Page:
Boston did not convert on the ensuing power play.

After killing off Radulov’s second penalty of the night, Dallas found themselves shorthanded once again as Janmark was sent to the penalty box for interference at 16:00 of the second period.

During the resulting media timeout, the Stars tweeted that Comeau suffered a lower body injury, Jason Dickinson suffered an upper body injury and that Polak had been transported to the hospital for evaluation.

All three players would not return Thursday night’s game.

A little more than halfway into Boston’s power play, McAvoy was penalized for interference against Tyler Seguin at 17:12.

Both teams would play 4-on-4 for 48 seconds, then Dallas would have an abbreviated power play.

Neither team took advantage of the special teams opportunities.

Through two periods of play, the Bruins led the Stars, 2-1, on the scoreboard, while shots on goal were even (13-13).

Dallas held a, 9-7, in shots on goal in the second period, while the Stars also led in blocked shots (12-9), takeaways (8-1), giveaways (12-7) and hits (11-7) entering the second intermission.

Boston led in faceoff win%, 53-37, after 40 minutes.

The Stars were 0/1 on the power play and the B’s were 1/4 on the skater advantage heading into the third period.

Less than a minute into the third period, Zdeno Chara was penalized for interference. Dallas did not score on the ensuing power play, but went on to establish complete control of the stat sheet in the final frame of regulation.

Stars head coach, Jim Montgomery, pulled Bishop for an extra attacker with about 85 seconds remaining in the game, but Dallas couldn’t muster one past Rask.

Boston sealed the deal on the, 2-1, win for their first victory of the season, despite being outshot, 29-20, in the game.

The Stars held a, 16-7, advantage in shots on goal in the third period alone and led in blocked shots (18-16), giveaways (17-10), hits (15-12) and faceoff win% (53-47).

The Bruins finished the night 1/4 on the power play, while Dallas went 0/2 on the skater advantage.

The B’s improved to 1-0-0 on the season and continue their four-game road trip to kick things off with a stop in Arizona against the Coyotes on Saturday, before visiting the Vegas Golden Knights next Tuesday and the Colorado Avalanche next Thursday.

Boston makes their home debut at TD Garden against the New Jersey Devils on Oct. 12th.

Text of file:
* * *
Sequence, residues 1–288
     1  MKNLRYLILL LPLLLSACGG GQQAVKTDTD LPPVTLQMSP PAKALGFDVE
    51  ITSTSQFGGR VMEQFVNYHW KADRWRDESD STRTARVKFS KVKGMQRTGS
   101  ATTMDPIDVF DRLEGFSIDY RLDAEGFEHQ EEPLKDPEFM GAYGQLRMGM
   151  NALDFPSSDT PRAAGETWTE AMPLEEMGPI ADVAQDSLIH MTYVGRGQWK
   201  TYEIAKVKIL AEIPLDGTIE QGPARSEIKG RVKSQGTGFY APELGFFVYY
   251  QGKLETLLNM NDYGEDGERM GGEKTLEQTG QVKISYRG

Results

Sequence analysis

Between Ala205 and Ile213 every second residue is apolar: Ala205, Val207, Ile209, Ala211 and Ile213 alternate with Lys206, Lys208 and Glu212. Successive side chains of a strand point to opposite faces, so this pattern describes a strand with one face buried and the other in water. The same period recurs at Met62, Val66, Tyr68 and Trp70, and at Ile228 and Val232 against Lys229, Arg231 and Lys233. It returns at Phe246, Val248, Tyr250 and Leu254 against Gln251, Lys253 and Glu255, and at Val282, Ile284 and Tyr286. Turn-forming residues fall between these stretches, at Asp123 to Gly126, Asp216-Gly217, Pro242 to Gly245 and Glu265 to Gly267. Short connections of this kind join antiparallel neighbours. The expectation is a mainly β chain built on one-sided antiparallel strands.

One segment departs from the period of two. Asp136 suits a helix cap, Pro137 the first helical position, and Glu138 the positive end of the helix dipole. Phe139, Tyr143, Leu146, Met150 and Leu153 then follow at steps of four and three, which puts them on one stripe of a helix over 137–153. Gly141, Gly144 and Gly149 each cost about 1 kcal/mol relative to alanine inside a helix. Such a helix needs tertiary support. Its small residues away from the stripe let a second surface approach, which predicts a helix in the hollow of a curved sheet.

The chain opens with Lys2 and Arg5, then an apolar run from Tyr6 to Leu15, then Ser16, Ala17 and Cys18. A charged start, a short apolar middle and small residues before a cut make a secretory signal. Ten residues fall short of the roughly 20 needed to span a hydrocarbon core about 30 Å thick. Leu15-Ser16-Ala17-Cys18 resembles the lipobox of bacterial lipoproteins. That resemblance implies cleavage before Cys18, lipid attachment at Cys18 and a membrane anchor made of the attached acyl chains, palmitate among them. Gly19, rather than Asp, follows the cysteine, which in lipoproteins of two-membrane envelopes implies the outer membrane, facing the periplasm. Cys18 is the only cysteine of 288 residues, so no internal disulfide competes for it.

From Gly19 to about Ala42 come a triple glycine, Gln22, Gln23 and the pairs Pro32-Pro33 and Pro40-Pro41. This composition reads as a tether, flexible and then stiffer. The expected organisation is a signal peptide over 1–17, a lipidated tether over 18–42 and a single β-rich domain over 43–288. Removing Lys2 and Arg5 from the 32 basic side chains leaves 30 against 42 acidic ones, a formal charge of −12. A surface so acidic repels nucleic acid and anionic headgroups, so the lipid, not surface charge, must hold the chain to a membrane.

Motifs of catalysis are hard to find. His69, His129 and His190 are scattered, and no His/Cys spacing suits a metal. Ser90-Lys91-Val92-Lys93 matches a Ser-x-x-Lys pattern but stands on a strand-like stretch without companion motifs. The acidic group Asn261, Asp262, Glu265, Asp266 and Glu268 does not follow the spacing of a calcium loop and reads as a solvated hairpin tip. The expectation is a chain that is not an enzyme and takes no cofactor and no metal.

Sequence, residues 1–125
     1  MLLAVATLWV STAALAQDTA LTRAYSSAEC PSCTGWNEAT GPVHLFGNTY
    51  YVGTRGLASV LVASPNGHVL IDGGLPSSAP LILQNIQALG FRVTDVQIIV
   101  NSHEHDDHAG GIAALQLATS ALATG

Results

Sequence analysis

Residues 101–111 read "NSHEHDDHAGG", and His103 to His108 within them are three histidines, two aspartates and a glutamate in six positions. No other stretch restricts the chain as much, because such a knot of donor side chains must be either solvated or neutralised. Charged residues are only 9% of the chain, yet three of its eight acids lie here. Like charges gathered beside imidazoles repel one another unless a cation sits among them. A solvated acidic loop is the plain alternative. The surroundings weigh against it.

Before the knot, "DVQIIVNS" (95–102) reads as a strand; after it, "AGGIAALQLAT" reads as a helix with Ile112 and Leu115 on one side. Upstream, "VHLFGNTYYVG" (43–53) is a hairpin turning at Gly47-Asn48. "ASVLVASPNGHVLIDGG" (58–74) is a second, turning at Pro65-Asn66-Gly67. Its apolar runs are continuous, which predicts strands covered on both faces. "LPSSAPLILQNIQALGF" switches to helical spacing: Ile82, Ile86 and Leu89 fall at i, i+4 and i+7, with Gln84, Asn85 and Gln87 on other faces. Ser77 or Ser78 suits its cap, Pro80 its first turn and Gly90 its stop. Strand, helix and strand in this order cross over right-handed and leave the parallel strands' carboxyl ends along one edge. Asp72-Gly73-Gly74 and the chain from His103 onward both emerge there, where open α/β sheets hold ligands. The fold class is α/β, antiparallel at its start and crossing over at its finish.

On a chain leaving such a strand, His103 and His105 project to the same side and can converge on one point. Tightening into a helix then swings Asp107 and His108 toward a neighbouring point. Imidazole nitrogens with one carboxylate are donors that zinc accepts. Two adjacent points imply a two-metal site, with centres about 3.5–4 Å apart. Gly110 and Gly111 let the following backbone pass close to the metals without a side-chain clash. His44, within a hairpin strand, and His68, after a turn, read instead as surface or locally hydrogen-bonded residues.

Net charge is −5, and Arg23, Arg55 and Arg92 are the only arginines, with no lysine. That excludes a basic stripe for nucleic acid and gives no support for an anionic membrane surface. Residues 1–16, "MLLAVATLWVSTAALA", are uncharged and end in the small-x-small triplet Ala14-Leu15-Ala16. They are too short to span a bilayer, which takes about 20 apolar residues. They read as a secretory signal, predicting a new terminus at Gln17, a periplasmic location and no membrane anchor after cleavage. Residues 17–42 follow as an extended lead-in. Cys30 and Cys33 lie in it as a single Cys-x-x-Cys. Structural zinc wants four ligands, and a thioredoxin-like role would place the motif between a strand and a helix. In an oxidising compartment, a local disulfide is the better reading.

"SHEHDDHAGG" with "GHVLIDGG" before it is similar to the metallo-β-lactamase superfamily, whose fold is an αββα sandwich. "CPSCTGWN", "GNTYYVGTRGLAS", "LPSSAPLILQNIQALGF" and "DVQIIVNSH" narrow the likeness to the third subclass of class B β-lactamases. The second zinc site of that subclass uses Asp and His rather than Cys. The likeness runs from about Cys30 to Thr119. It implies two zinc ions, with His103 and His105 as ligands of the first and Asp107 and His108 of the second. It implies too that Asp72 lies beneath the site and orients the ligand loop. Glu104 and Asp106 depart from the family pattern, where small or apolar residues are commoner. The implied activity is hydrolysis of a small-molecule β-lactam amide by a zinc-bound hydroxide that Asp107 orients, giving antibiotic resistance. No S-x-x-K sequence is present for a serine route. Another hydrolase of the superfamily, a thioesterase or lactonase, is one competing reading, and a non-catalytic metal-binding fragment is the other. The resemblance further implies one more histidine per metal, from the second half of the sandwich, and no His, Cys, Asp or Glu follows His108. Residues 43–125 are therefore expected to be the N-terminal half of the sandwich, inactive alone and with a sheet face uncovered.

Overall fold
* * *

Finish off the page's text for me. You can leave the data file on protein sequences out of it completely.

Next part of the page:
Chara began his 14th season as captain of the Bruins, trailing Ray Bourque for the most consecutive seasons as captain in franchise history (Bourque was captain for 15 seasons). Only Steve Yzerman and Joe Sakic served as captains of their franchises for longer than Chara and Bourque.

Yzerman served as the captain of the Detroit Red Wings for 19 seasons and Sakic was captain of the Québec Nordiques/Colorado Avalanche for 16 seasons. Both are now the current General Managers of the aforementioned clubs (Yzerman with Detroit, Sakic with Colorado).

Meanwhile, Patrice Bergeron remains the longest active tenured alternate captain in the league, having assumed his current role since the 2006-07 season.

DTFR Podcast #171- 2019-20 Season Preview: Central Division

All of the (good) RFAs have been re-signed, the Carolina Hurricanes keep making moves, 2020 Winter Classic logos have been revealed and DTFR’s season previews conclude with the Central Division.

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San Jose Sharks 2019-20 Season Preview

San Jose Sharks

46-27-9, 101 points, 2nd in the Pacific Division

Eliminated in the Western Conference Final by St. Louis

Additions: F Jonny Brodzinski, D Trevor Carrick (acquired from CAR), D Nicolas Meloche (acquired from COL), D Dalton Prout

Subtractions: F Joonas Donskoi (signed with COL), F Micheal Haley (signed to a PTO with NYR), F Jonathon Martin (signed with Tucson, AHL), F Gustav Nyquist (signed with CBJ), F Joe Pavelski (signed with DAL), F Francis Perron (traded to VAN), F Tom Pyatt (SHL), F Alex Schoenborn (signed with Orlando, ECHL), D Justin Braun (traded to PHI), D Michael Brodzinski (signed with Belleville, AHL), D Cody Donaghey (signed with Orlando, ECHL), D Cavan Fitzgerald (signed with Charlotte, AHL), D Joakim Ryan (signed with LAK), D Kyle Wood (re-signed, then traded to CAR), G Antoine Bibeau (traded to COL)